Tattoo Stories: Director of Bands Brett Paschal shows off his love of body art

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By Noah Foster-Koth///Senior Staff Writer

Brett Paschal, the Director of Bands and Percussion at Lewis & Clark College, has tattoos all over his body, including places that can’t be photographed by the Pioneer Log. Paschal has been in love with tattoos ever since he was eighteen years old.

“I started with one on my ankle, which is a little colonial drum. It has the letters I-W-J-F on it, which stand for “I Will Jam Forever,” Paschal said, explaining that over the years, his body shape has changed so that his drum “looks more like a garbage can.”

Paschal’s most prominent tattoos are the three sea turtles on his left arm. The sea turtle has cultural significance to the Blackfoot Native American tribe, which Paschal’s ancestors belonged to (Paschal himself is not enrolled in the tribe).

The turtle lowest on his arm has sand tracks underneath its flippers; Paschal chose sand tracks because he wanted an image that would suggest the ocean without using bubbles or water. Paschal has another turtle higher up on his left arm that bears a pink handprint on its shell. The little handprint is modeled after his daughter’s hand when she was one week old.

Paschal has a third turtle tattooed onto his left shoulder, with a tree sprouting from its back. He said the tree is a reference to a Native American folktale that explains the creation of the Earth.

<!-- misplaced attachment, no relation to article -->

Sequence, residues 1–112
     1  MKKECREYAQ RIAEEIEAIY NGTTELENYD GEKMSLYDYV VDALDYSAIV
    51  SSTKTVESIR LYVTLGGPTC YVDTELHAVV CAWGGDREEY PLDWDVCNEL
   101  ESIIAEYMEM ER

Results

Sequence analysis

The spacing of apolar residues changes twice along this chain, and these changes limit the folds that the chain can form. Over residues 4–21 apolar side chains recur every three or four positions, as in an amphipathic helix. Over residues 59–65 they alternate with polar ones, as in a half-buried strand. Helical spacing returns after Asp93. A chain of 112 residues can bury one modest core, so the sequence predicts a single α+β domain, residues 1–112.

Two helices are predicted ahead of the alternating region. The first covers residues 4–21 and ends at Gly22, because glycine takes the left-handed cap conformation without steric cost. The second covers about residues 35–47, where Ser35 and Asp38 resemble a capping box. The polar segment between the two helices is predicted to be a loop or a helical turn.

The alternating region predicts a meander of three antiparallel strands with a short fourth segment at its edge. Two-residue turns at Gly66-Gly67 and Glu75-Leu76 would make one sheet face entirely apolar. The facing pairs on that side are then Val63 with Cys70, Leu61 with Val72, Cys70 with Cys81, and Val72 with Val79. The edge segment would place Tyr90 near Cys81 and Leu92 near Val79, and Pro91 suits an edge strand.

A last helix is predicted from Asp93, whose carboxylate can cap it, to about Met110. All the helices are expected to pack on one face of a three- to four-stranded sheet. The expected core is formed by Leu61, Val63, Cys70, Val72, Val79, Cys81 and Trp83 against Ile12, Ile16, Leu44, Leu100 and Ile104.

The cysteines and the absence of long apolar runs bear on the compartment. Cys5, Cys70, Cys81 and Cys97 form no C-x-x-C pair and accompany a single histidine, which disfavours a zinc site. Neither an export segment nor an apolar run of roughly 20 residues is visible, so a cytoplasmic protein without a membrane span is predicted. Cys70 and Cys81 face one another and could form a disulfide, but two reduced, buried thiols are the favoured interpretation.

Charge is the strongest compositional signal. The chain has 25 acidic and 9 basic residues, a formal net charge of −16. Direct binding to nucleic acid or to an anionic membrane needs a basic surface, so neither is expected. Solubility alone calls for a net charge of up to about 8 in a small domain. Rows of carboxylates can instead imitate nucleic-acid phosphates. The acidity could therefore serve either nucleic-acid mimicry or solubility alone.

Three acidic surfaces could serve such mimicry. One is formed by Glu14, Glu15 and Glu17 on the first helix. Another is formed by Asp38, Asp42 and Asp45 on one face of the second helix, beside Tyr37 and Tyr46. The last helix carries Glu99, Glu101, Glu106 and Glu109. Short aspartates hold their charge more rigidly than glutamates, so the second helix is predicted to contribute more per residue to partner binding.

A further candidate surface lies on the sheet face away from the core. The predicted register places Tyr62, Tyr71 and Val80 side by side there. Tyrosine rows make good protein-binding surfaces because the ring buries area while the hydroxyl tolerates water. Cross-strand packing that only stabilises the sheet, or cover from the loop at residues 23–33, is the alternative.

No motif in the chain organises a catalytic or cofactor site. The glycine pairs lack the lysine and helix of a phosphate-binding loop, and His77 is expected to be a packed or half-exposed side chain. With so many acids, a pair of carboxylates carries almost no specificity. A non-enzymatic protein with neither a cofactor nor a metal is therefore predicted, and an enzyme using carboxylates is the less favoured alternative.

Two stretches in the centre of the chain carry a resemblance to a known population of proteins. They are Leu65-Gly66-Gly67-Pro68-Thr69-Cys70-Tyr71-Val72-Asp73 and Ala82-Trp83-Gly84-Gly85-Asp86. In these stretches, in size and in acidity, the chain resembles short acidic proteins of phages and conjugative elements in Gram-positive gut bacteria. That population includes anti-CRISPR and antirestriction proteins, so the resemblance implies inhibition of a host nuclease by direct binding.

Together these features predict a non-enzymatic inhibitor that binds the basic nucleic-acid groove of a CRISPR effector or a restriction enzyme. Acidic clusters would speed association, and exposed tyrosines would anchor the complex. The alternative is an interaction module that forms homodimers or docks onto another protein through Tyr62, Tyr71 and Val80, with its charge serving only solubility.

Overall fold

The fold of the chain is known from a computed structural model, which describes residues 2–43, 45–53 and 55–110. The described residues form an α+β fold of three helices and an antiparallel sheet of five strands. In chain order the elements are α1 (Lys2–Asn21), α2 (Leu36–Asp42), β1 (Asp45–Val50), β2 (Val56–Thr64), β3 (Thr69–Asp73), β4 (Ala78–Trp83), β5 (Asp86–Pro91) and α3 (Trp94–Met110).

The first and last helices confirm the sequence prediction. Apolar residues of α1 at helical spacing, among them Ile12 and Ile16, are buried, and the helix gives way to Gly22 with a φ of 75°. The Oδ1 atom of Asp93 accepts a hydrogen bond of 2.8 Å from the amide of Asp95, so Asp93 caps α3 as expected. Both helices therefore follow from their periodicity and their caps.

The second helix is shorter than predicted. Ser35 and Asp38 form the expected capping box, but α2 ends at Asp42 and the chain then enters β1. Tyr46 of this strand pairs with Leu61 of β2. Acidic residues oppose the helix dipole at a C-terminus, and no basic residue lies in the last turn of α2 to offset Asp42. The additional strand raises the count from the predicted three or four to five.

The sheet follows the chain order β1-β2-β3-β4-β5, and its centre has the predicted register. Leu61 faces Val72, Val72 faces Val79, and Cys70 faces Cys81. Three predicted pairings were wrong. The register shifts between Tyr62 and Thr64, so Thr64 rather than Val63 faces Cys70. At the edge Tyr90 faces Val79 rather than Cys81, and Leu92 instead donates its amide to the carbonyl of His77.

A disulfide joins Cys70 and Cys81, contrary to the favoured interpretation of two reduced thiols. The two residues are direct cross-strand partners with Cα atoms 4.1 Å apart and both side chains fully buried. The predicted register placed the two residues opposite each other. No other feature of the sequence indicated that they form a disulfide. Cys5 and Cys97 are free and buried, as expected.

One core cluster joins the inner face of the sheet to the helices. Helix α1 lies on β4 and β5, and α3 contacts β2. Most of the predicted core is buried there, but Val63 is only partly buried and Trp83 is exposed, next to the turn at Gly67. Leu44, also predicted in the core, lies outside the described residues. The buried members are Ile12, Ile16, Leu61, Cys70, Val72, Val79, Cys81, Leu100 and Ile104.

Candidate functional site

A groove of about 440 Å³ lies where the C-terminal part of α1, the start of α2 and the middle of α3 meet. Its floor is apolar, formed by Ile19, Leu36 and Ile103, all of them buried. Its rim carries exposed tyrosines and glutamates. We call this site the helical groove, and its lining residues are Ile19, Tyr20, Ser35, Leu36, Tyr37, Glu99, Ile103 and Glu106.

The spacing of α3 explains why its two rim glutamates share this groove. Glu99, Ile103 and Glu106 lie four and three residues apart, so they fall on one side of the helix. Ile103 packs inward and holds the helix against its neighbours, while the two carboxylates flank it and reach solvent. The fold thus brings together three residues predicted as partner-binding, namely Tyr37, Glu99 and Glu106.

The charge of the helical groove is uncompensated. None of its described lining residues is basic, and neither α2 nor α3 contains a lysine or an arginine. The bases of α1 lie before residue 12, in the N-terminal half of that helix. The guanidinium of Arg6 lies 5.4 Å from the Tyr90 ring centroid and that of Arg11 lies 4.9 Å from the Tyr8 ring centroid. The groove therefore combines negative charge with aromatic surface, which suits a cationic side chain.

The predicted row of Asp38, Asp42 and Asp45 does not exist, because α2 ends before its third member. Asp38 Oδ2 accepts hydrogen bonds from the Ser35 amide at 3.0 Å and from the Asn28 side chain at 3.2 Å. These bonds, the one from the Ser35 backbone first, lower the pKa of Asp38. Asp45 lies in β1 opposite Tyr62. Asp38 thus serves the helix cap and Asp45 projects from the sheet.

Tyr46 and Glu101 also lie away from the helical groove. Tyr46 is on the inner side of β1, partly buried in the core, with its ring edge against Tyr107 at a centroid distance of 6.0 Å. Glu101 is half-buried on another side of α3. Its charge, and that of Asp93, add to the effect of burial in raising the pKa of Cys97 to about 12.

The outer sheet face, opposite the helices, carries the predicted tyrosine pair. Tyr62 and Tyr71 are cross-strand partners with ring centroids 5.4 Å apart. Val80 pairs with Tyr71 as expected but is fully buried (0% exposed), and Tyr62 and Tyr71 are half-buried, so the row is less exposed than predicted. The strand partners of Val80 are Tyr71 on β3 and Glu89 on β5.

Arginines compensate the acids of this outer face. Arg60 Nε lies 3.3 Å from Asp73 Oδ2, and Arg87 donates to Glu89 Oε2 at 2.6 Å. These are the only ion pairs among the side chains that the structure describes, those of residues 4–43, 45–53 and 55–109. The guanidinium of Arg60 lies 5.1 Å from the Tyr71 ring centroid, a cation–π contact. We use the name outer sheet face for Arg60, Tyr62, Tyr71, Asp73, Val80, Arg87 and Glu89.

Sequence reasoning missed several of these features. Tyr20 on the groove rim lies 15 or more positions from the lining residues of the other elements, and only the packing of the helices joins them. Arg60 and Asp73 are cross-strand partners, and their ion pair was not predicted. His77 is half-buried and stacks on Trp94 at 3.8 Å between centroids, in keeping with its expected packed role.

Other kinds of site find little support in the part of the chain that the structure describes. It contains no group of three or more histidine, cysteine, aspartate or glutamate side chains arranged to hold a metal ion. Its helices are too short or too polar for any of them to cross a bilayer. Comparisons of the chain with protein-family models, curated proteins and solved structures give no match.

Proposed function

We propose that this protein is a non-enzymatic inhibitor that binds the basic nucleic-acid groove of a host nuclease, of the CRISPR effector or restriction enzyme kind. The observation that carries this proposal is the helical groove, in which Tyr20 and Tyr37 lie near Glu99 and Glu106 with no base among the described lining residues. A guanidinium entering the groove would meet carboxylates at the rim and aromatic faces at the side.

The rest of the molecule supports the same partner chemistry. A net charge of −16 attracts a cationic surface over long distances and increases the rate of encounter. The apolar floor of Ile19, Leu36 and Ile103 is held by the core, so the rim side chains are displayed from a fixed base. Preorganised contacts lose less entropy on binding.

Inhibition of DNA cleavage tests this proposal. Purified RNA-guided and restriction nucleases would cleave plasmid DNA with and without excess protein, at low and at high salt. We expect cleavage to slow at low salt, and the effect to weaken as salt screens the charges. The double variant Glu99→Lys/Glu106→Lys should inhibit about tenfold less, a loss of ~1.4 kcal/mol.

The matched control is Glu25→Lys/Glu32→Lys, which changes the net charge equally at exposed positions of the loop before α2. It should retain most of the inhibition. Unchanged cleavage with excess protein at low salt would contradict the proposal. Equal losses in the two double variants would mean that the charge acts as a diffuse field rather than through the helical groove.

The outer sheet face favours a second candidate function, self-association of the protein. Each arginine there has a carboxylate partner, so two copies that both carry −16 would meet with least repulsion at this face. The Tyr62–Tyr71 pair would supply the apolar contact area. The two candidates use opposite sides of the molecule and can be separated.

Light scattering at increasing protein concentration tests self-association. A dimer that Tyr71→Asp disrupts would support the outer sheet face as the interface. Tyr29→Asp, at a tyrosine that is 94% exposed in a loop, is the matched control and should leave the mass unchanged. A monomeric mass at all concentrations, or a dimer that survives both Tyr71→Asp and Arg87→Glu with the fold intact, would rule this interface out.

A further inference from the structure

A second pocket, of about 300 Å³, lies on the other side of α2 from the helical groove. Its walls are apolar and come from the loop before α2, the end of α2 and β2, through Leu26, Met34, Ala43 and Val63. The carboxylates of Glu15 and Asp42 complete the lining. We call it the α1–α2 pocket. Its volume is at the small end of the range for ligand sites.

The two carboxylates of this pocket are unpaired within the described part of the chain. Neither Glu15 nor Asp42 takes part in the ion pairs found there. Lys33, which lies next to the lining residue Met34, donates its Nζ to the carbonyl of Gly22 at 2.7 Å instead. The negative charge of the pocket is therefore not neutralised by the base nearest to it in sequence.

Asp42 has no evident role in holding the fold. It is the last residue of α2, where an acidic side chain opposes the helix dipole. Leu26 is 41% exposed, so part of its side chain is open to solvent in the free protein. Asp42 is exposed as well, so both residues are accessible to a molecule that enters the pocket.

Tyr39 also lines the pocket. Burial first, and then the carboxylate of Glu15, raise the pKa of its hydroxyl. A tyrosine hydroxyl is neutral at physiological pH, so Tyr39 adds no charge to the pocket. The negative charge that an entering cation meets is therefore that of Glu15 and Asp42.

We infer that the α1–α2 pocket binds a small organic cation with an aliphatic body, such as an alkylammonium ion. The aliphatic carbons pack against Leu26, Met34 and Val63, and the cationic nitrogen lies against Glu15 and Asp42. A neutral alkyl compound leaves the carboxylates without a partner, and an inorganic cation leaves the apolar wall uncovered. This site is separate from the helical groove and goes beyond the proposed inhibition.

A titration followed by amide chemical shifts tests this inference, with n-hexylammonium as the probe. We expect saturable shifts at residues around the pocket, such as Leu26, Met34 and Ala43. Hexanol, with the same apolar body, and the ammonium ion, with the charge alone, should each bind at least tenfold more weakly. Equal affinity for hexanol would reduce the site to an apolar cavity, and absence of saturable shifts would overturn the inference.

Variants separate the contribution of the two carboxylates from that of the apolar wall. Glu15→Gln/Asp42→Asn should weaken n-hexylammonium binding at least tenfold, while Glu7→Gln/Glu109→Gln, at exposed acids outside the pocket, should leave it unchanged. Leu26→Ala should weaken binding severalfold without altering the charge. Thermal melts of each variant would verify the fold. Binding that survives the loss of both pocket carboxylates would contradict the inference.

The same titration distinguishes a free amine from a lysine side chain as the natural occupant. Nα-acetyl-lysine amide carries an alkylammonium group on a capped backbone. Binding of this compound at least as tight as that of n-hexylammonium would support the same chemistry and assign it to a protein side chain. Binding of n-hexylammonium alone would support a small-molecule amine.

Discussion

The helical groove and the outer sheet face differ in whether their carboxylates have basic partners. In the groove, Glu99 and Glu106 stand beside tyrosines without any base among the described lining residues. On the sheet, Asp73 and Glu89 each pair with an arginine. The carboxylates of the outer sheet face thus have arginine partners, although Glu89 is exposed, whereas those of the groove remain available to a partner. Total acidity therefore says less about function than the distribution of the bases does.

“Before there was an Earth, it was just all water. Then the great Sky Mother fell from the clouds, and all the creatures of the ocean wanted to save her, so they piled dirt from the ocean floor on top of the sea turtle.” Paschal doesn’t believe that this story is true, but he “enjoys the folklore” nevertheless.

Not all of Paschal’s tattoos relate to his Blackfoot heritage — he also has a cartoon on his hindquarters. In college, Paschal was a percussionist for many of his school’s  musical productions. Paschal would have to wait underneath the stage for long stretches of time before drumming on cue. To pass the time between his cues, Paschal began reading Bill Watterson’s comic strip series Calvin & Hobbes.

“I got into reading Calvin & Hobbes, because you could read a comic strip, put it down, play your part, and pick it back up and look at the next one.” To commemorate these experiences, Paschal had the cartoon’s human protagonist tattooed on his posterior.

“Calvin’s holding a pair of drumsticks and he’s turning sideways and he doesn’t have pants on. So it’s his butt on my butt.” Paschal remembers being in a lot of pain when he drove his stick-shift car home after having Calvin tattooed on his rear.

Paschal admits that getting tattooed “definitely gets painful… I can handle three hours of tattooing, but after six or seven minutes we have to take a two-minute break.” However, the pain doesn’t affect his love of body art. “I’ve always wanted to get more tattoos,” Paschal enthused, “Just more and more.”

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